These authorities, however, have no application to the case before us. The trust company established an agency at Springfield, Illinois, for the purpose of securing loans upon
real estate, and to that end constituted Johnston its agent. It made him a medium of communication between it and those in that locality who might wish to borrow money. It supplied him with the necessary blank forms, and expected him to make a report as to the sufficiency of the security offered. Of course, it knew that no one would regularly perform the duties of such a position without reasonable compensation. That the agent might receive such compensation, the company came to an understanding with him at the outset that he must make the borrower pay for his services. With such an arrangement between it and its agent, the company need not be informed in any particular case of the amount the latter would exact from the borrower as compensation for effecting a loan, but it must be held to have known that the agent would not devote his energies and time to its business gratuitously, and would not forward to it an application for a loan unless the borrower agreed to compensate him for his services. The services performed by Johnston, as its regular local agent, charged with the duty of receiving and forwarding applications for loans, with his opinion as to the sufficiency of the security offered, were of substantial value to the company, as much so as if they had been performed under an arrangement that the company should, out of the money loaned, retain for him the amount which, by previous agreement with the borrower, he was to receive as his compensation. And the services performed by him were just what they would have been had he accepted the agency under such a specific arrangement as that just suggested.
Under all the circumstances, was not this transaction tainted with usury? Should not the $100 paid to the company's agent be regarded as part of the amount which Fowler was required to pay for the use of the money borrowed? These questions are answered by the Supreme Court of Illinois. In Payne v. Newcomb, 100 Ill. 611, 616, the inquiry was whether the commissions paid by the borrower to the person through whom a loan at the highest legal rate, was effected, were to be taken into account in determining whether the transaction was usurious. That case is so directly in point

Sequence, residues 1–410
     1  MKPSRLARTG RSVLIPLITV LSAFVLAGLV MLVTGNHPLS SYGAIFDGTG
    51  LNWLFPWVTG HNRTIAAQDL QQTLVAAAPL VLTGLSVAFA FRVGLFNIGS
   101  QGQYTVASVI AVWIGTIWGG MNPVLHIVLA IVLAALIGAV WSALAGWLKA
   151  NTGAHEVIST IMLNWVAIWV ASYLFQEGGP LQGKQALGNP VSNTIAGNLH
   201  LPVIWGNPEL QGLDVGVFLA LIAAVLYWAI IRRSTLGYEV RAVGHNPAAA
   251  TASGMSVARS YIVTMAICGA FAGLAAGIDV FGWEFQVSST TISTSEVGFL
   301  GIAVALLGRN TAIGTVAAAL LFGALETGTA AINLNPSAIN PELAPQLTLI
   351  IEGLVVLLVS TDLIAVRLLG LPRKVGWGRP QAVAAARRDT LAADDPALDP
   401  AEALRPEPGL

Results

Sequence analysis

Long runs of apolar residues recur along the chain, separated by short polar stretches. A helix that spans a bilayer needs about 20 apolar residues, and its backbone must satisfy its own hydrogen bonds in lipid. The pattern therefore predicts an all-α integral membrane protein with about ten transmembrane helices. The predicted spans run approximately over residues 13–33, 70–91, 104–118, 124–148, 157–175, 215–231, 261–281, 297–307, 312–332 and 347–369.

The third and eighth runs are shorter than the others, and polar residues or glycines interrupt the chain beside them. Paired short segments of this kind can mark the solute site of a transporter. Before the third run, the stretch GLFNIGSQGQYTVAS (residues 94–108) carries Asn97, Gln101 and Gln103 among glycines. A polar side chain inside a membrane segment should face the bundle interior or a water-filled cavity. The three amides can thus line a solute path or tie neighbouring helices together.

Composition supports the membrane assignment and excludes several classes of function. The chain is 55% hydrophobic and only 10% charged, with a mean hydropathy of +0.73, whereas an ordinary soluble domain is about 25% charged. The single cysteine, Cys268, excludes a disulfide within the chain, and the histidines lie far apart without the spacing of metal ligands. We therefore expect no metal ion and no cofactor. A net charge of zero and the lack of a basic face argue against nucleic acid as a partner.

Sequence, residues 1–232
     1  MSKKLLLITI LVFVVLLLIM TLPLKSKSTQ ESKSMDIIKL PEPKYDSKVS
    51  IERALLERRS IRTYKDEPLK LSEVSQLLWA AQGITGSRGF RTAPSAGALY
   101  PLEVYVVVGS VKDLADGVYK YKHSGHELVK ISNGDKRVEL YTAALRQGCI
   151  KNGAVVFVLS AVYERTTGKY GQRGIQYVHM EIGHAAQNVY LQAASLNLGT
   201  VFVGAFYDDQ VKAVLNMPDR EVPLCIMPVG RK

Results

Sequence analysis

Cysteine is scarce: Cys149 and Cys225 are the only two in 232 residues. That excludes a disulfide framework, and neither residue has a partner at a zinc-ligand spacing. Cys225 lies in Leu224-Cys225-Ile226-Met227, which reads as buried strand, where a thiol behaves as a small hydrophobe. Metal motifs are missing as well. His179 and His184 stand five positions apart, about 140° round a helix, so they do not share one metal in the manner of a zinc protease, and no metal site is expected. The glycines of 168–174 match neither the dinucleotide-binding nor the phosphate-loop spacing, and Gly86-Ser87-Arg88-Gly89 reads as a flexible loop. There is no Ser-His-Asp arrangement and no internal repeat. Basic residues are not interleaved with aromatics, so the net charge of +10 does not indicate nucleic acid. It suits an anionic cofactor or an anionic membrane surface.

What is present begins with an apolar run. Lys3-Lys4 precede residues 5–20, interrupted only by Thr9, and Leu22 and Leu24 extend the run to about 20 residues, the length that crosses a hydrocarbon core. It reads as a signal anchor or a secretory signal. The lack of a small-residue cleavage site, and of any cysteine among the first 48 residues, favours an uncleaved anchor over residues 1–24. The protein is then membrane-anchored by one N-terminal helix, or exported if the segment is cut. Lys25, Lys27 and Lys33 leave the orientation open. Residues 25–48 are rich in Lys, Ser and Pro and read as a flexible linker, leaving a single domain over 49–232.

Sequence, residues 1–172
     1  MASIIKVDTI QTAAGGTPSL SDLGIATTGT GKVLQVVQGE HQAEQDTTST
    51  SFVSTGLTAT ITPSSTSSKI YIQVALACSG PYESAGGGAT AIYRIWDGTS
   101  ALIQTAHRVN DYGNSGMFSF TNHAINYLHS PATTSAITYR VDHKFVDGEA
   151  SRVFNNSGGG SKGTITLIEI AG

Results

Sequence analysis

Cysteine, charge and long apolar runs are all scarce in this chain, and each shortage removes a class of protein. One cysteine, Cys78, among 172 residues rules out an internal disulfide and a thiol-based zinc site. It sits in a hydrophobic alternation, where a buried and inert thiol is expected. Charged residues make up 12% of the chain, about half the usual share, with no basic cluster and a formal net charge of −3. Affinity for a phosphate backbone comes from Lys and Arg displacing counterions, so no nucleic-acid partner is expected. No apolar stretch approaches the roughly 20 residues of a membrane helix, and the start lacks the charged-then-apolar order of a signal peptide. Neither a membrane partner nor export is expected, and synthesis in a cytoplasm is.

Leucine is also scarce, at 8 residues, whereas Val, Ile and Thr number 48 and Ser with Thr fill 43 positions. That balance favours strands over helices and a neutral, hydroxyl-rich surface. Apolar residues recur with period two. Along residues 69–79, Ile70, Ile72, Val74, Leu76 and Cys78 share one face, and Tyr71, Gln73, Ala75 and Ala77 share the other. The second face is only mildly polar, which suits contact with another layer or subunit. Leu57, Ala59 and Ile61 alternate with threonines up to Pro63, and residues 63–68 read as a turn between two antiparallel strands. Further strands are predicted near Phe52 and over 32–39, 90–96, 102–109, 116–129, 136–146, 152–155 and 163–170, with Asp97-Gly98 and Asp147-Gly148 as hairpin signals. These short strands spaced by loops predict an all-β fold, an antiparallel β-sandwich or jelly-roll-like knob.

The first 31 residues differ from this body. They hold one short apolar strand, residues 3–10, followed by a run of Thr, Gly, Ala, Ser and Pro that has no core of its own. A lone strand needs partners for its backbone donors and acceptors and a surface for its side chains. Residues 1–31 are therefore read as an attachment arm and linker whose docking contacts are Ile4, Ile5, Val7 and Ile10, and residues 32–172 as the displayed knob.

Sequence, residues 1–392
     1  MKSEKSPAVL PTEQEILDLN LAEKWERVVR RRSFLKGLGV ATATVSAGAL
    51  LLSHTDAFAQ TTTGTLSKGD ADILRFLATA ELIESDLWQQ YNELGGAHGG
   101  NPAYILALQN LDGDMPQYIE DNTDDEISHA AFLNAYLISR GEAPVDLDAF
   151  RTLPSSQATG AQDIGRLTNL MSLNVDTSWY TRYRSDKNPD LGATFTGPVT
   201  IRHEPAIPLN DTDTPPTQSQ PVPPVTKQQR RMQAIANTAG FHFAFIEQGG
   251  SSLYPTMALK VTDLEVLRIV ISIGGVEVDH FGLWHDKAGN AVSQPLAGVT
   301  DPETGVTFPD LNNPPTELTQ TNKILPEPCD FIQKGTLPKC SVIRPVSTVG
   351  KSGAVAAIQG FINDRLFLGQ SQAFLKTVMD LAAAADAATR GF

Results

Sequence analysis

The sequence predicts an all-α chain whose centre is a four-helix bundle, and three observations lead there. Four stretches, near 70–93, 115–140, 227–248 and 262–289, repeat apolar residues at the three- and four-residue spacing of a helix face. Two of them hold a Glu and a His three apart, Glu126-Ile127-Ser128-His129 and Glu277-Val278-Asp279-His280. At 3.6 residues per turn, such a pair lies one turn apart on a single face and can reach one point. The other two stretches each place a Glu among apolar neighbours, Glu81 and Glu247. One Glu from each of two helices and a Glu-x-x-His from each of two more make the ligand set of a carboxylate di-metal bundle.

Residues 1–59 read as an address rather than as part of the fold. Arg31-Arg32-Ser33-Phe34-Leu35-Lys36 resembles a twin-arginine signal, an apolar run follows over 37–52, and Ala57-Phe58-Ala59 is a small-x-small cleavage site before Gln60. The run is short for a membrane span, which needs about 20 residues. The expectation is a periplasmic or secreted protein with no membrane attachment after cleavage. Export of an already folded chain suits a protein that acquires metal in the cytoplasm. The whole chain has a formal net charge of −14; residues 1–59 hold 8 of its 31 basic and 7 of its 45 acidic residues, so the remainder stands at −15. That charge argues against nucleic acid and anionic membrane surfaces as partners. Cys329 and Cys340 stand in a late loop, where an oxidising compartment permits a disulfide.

that we feel justified in making extracts from the opinion of the court. It was said:
"Did Stevens [the lender] know that Newcomb [the broker] was charging for his services, and collecting it from the borrower? Newcomb says that it was the understanding he was to get it of the borrower, and that establishes the fact beyond all cavil. Were these payments of commissions of benefit or profit to Stevens? They unquestionably were, as they paid his agent for long continued and valuable services rendered by Newcomb for him. No one will believe that Newcomb thus incurred liability to Stevens, and rendered skillful and valuable services for him for more than twenty years, as a mere gratuity. It was not so understood. Newcomb says he was to get his pay from the borrower. Stevens then paid what he owed to Newcomb by requiring the agent to impose it on the persons to whom loans were made. The arrangement amounted to no more or less than requiring the agent to loan for a percent sufficiently high to yield Stevens the highest rate of interest allowed by the law, and to pay the agent for his responsibility, labor, skill, and trouble. In effect, the transaction is the same as had the loan been made at fifteen percent, and ten had been paid to Stevens and five to Newcomb. This was the result which was by the parties intended before the inception of the transaction. It was in pursuance of an arrangement of the lender and his agent. . . . It is, however, claimed that Stevens is not liable for what Newcomb retained and charged for what is called 'commissions;' that he had the right to charge any sum be chose, and that would not render the loan usurious. Had Stevens not known that Newcomb was making such charges, it may be that he would not have been affected by them; but here it was agreed between Stevens and Newcomb that the latter should charge a commission of the borrower to pay him for his services. Stevens obtained the services of Newcomb. They were of value to him, and no one will pretend that Newcomb rendered them as a gratuity. They were rendered for Stevens, and they were paid for by him by indirectly charging the amount to and requiring the borrower to pay it, and this too by the express authority of